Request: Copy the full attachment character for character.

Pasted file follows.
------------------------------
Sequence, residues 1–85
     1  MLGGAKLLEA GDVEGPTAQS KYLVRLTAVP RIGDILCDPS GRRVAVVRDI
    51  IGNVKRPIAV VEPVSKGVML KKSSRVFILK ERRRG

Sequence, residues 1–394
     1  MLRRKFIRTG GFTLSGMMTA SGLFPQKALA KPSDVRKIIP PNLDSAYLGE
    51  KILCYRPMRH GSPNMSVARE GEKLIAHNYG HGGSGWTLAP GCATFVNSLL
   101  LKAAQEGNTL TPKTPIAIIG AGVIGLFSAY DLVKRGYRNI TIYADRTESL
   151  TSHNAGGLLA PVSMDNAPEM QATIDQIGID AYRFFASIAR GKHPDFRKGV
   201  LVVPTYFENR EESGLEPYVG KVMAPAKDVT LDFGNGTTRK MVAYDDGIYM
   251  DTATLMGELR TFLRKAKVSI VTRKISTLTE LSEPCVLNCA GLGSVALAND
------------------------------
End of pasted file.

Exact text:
Sequence, residues 1–85
     1  MLGGAKLLEA GDVEGPTAQS KYLVRLTAVP RIGDILCDPS GRRVAVVRDI
    51  IGNVKRPIAV VEPVSKGVML KKSSRVFILK ERRRG

Sequence, residues 1–394
     1  MLRRKFIRTG GFTLSGMMTA SGLFPQKALA KPSDVRKIIP PNLDSAYLGE
    51  KILCYRPMRH GSPNMSVARE GEKLIAHNYG HGGSGWTLAP GCATFVNSLL
   101  LKAAQEGNTL TPKTPIAIIG AGVIGLFSAY DLVKRGYRNI TIYADRTESL
   151  TSHNAGGLLA PVSMDNAPEM QATIDQIGID AYRFFASIAR GKHPDFRKGV
   201  LVVPTYFENR EESGLEPYVG KVMAPAKDVT LDFGNGTTRK MVAYDDGIYM
   251  DTATLMGELR TFLRKAKVSI VTRKISTLTE LSEPCVLNCA GLGSVALAND